Franchise companies should consider the economic effect on franchisees and set the price bearing in mind that potential effect. Franchisors should adhere to that price in any company-owned units. And they must add language to their current franchise agreement to indicate that setting the maximum and minimum prices is part of the rights they have, as part of their right to change standards and the system.
Q: How much of a connection must a former franchisee have to the competing business for a violation of a non-compete obligation?
A: Victory Lane Quick Oil Change, Inc. v. Darwich, et al
Pointers: Franchisors should try to get the facts before alerting franchisees to possible violations. They should discover as many links as possible between signatories and the competing business. Companies should draft non-compete clauses to cover a broad range of involvement with competing business. But franchisors must watch state law (e.g., “in any capacity”).
Q: Must franchisors renew a franchise based In New Jersey even if the franchise agreement contains no renewal right?
A: BP Products NA, Inc. v. Hillside Service, Inc. et al.
Pointers: Franchisors must be careful in terminating or non-renewing franchises based in New Jersey. They should show failure by the franchisee to comply with franchise terms to end relationship consistent with New Jersey Franchise Practices Act. If a company decides to set up different arrangement, it should offer attractive alternatives that will induce franchisees to choose them. Franchisors must also watch New Jersey choice of law clauses in agreements with non-New Jersey franchisees.
Using Different Standards for Franchisees
Q: Can franchisors apply different standards to different franchisees?
A: Danforth & Assoc., Inc. v. Coldwell Banker Real Estate, LLC
Pointers: Franchise firms should remember state franchise statutes with anti-discrimination provisions - Hawaii, Illinois, Indiana, Minnesota, and Washington. Differences in standards or treatment of franchisees should be based upon reasonable distinctions and should not be arbitrary.
Q: Will franchisors be faced with a class action in arbitration?
A: AT&T Mobility LLC v. Conception
Pointers: Franchisors should include “no class action” as part of arbitration clause. They should consider including a clause stating: “If class arbitration allowed, then the case should be litigated in court.” It will most likely be enforced under Federal Arbitration Act. See Arbitration Fairness Act.
Q: What are your rights vis-à-vis your advertising council?
A: KFC National Council & Advertising Cooperative, Inc. v KFC Corp.
Pointers: Franchisee input on marketing, advertising and other system functions can be very valuable to system strength and growth. However, as the party ultimately responsible for overseeing marketing, advertising, system growth, and system change, franchisors need to retain ultimate control. Franchisors should ensure that agreements with Franchise Advisory Committees and any organizing documents do not impair franchisors’ ability to maintain control over advertising strategy or other key system aspects.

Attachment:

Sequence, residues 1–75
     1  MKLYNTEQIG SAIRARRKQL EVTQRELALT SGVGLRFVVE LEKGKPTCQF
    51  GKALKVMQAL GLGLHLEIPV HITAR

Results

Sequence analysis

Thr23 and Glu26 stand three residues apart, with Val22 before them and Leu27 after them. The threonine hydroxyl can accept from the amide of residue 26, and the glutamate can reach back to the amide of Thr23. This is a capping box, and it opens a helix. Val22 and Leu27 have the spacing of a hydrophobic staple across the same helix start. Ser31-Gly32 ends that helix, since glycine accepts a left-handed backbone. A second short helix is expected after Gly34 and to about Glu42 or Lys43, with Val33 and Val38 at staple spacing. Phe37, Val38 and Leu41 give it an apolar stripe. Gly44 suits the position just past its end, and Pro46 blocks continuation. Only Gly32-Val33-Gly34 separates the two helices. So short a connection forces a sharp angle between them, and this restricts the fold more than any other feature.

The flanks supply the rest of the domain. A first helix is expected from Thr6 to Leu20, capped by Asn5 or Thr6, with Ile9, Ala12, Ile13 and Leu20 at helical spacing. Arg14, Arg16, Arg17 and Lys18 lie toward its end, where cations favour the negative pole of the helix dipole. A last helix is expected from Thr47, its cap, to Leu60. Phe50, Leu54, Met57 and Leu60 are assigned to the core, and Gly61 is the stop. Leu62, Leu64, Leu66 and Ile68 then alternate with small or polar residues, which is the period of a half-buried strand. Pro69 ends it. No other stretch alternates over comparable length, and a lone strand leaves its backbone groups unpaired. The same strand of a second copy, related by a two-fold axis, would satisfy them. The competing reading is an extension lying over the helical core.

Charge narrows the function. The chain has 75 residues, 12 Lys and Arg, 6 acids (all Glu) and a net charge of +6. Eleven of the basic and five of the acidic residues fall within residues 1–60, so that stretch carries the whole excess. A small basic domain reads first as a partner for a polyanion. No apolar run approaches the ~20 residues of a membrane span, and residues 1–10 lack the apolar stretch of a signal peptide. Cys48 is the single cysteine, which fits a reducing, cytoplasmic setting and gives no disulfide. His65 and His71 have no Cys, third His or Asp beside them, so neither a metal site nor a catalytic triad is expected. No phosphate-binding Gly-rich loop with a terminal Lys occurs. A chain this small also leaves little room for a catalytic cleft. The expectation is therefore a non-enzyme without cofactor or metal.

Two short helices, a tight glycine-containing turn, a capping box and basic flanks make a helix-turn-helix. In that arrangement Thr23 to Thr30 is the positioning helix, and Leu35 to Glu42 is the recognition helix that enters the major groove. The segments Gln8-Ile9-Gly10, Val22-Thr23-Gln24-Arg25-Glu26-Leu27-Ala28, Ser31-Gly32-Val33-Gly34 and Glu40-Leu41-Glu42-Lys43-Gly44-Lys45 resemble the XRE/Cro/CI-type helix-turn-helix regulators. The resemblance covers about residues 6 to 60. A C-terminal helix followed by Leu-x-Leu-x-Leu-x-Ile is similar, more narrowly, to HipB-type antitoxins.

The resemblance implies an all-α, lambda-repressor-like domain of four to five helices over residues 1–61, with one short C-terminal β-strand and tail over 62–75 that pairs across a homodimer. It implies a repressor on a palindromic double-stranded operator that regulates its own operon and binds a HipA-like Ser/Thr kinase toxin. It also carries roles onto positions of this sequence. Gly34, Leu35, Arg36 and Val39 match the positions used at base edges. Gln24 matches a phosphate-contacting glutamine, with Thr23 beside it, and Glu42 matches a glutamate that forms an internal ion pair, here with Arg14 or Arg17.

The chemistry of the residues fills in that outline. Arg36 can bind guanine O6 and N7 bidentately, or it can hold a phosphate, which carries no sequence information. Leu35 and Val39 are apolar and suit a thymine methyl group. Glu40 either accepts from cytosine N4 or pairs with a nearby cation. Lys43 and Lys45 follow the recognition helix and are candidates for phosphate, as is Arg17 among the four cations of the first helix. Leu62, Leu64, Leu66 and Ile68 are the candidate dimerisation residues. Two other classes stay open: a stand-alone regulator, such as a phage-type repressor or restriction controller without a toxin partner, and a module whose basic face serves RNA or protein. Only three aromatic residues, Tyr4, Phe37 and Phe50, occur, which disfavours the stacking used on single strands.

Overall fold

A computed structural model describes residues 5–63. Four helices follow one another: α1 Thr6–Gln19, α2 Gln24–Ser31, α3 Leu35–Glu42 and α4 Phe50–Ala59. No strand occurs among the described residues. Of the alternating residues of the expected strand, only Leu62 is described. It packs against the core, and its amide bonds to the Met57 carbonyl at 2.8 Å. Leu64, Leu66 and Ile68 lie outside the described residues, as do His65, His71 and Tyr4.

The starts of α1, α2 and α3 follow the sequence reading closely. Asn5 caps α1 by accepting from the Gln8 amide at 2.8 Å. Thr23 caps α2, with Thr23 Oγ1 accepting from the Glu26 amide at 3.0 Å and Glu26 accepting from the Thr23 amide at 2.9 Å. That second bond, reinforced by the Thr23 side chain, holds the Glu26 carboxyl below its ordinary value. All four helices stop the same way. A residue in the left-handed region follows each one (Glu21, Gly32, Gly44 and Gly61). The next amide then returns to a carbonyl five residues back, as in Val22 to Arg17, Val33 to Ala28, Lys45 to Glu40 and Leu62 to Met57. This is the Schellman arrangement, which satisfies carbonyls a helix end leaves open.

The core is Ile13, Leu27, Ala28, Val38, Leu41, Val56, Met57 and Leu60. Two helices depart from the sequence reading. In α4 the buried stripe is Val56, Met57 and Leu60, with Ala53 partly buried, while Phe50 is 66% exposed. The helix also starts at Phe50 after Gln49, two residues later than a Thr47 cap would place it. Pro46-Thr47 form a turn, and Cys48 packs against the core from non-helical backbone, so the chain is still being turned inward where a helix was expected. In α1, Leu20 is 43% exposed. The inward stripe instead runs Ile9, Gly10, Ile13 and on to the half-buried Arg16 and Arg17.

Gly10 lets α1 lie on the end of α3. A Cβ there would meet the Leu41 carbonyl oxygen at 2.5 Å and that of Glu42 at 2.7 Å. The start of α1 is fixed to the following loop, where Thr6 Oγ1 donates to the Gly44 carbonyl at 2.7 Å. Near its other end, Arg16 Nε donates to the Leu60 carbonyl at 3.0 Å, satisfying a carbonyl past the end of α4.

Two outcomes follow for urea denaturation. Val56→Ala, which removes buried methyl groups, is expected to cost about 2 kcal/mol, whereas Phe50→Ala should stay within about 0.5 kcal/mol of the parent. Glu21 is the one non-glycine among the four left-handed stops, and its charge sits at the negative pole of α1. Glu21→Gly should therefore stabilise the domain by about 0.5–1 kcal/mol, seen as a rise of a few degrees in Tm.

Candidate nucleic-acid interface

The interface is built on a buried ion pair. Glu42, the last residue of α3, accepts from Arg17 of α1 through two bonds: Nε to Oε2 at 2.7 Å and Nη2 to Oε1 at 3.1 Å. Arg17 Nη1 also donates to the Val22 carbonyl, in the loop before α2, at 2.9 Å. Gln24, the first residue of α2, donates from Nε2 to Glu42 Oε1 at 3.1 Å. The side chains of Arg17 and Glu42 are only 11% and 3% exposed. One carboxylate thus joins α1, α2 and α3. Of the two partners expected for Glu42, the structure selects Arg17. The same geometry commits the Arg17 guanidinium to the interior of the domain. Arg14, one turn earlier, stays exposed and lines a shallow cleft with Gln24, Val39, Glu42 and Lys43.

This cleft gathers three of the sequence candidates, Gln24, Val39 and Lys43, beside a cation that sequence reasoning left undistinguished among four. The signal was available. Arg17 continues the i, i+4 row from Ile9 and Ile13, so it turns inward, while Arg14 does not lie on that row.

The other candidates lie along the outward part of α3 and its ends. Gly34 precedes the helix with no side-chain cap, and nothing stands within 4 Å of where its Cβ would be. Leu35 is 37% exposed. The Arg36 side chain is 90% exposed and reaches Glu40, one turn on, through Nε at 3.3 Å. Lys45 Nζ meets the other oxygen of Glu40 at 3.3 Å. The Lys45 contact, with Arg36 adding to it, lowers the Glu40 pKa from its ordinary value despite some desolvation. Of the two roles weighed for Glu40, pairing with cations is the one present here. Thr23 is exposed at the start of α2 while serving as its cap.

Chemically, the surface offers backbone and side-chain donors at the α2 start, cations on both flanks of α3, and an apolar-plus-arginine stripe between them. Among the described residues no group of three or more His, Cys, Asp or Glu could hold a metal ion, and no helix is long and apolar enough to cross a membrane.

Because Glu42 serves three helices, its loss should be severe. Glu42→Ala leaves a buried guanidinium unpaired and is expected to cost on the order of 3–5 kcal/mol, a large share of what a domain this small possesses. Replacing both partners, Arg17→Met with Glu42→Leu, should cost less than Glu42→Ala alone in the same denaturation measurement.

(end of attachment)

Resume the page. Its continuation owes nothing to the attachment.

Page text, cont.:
Q: Can franchisors be responsible for providing worker’s compensation to employees of their franchisees?
A: Doctors’ Assoc., Inc. v. Uninsured Employers’ Fund
Pointers: This case shows that it may be helpful for franchisors to have company-owned units owned by a different corporate entity. Companies should include language in agreement confirming that the franchisor is in business of franchising rights, not in the business of providing the underlying services or products. The court rejected blanket exclusion of franchisor-franchisee relationship, but suggested franchisors could protect themselves by including certain provisions in agreements and enforcing them.
Franchise firms should include provisions regarding workers’ compensation insurance in franchise agreements: They should require franchisees to maintain workers’ compensation at all times; require franchisee to name franchisor as a named insured; requiring notice from workers’ compensation insurance carrier to provide advance notice of expiration, cancellation, termination or modification of policy; and permit franchisor to inspect franchisee’s business records to be certain insurance premiums are paid when due. Franchisors should enforce the provisions.
NOTE: For more detail information concerning cases’ facts, claims, arguments and court rulings, click below:
Next: Important court decisions in 2012